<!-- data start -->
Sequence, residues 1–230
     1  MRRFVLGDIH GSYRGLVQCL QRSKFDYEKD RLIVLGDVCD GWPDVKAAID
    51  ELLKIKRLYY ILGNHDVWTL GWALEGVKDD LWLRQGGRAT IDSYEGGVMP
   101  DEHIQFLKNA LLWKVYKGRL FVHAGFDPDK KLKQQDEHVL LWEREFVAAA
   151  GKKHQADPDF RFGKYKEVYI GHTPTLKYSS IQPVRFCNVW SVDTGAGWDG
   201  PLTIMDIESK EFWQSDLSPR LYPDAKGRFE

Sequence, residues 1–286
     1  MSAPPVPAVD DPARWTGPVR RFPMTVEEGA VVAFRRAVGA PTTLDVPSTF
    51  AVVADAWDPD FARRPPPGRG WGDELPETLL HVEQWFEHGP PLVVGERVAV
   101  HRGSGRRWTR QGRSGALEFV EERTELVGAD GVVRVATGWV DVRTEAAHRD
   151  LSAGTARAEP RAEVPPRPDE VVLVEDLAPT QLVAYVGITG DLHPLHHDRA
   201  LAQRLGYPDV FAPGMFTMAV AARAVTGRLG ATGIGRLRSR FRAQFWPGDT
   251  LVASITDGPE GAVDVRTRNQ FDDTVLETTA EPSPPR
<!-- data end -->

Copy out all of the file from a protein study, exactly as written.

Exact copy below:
Sequence, residues 1–230
     1  MRRFVLGDIH GSYRGLVQCL QRSKFDYEKD RLIVLGDVCD GWPDVKAAID
    51  ELLKIKRLYY ILGNHDVWTL GWALEGVKDD LWLRQGGRAT IDSYEGGVMP
   101  DEHIQFLKNA LLWKVYKGRL FVHAGFDPDK KLKQQDEHVL LWEREFVAAA
   151  GKKHQADPDF RFGKYKEVYI GHTPTLKYSS IQPVRFCNVW SVDTGAGWDG
   201  PLTIMDIESK EFWQSDLSPR LYPDAKGRFE

Sequence, residues 1–286
     1  MSAPPVPAVD DPARWTGPVR RFPMTVEEGA VVAFRRAVGA PTTLDVPSTF
    51  AVVADAWDPD FARRPPPGRG WGDELPETLL HVEQWFEHGP PLVVGERVAV
   101  HRGSGRRWTR QGRSGALEFV EERTELVGAD GVVRVATGWV DVRTEAAHRD
   151  LSAGTARAEP RAEVPPRPDE VVLVEDLAPT QLVAYVGITG DLHPLHHDRA
   201  LAQRLGYPDV FAPGMFTMAV AARAVTGRLG ATGIGRLRSR FRAQFWPGDT
   251  LVASITDGPE GAVDVRTRNQ FDDTVLETTA EPSPPR